By: Sruli Friedman  | 

Arts & Culture: A Play Within a Play: A Review of SCDS’s ‘The Anastasia Trials in the Court of Women’

Art so often touches the borders of the aspirational. The poet or the dramatist may shamelessly impinge upon the domain of philosophers and moralists, weaving his or her tapestry of the innermost longings of human nature or the lofty heights of human ideals. It isn’t uncommon for a play, a seemingly descriptive representation of events, to trespass into the dimension of normative value judgements, to subtly or explicitly laud certain virtues or specify the path a society must take. But what happens when our ideals clash with grim realities, and it becomes clear to us how we inevitably must fail to instantiate in our own lives the elevated values for which we advocate?

“The Anastasia Trials in the Court of Women,” written by Carolyn Gage and Don Nigro and performed spectacularly by Stern College Dramatic Society (SCDS), admirably tackles this question. The play within a play — which I had the privilege of viewing in advance Friday morning — follows a women’s theater company producing a rather unconventional courtroom drama, in which five women accused of betraying Grand Duchess Anastasia Romanov, the final surviving heir of the Russian Tsar, are tried in the ‘court of women,’ and charged with the heinous crime of denying Anastasia her identity.

The court of women is unlike other courts. It tries crimes committed by women against women, and the audience serves as judge and jury, guiding the trial and ultimately determining the final verdict. However, the women of the theater company have their own internecine struggles, ultimately leading them to turn on each other. Although the actors seek to play out the imagined conflict occurring in their script, they cannot resist the contention and intrigues among themselves from bursting to the forefront. The story of a princess tortured by those she trusted becomes inextricably linked with the stories of the actors, sending the play careening off script toward a startling new conclusion. By the end, the actors must contend with the proper role of feminism and the destiny of their company in a world in which their ideals of true equality seem chimerical and victimization remains inevitable.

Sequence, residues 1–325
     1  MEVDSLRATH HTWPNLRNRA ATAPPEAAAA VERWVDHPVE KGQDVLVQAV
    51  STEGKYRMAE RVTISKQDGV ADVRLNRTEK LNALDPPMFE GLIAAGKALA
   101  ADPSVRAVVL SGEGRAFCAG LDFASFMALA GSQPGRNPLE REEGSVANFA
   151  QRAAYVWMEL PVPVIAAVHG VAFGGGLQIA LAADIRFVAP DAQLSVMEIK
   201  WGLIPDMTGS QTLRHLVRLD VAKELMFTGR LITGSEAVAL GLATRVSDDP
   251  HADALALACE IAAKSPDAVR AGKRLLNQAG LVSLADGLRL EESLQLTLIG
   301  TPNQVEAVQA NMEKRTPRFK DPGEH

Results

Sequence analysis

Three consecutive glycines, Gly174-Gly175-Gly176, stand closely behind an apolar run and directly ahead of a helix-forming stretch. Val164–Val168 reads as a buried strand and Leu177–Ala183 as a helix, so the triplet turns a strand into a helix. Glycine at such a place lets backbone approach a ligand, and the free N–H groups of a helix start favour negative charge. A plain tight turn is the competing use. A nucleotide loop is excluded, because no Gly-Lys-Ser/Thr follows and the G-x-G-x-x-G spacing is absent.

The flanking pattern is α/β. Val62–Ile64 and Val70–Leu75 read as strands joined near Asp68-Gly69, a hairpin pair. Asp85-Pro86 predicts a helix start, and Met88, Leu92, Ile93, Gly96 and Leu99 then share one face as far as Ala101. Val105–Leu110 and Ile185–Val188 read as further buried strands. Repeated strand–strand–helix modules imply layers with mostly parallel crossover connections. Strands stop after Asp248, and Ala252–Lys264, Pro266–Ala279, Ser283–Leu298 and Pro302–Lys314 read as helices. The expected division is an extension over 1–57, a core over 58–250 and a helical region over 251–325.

Despite occurring entirely within the confines of a single sparsely furnished set, like the famous courtroom drama “12 Angry Men,” the world of “The Anastasia Trials” seems far from limited. Rather than stretching itself across spatial dimensions, it probes the near-infinite depth of the human psyche. The audience can’t help but be swept up in the drama, which, brought to life by terrific acting, presents a window into the souls of the characters and the characters’ characters in all their manifold complexity.

Although explicitly catered toward adherents of radical feminism, the drama seems to furnish a fascinating philosophical object of thought even to those who don’t share its vision or who reject the premises it takes as axiomatic. While occasionally I found the script difficult to parse as one unfamiliar with feminist thought, and in some cases found arguments or ideas being put forth as objectionable, I definitely see its broader themes as easily comprehensible to those of a wide variety of ideological backgrounds. I would confidently encourage students to book tickets for the remaining two performances which will be held on Tuesday and Wednesday.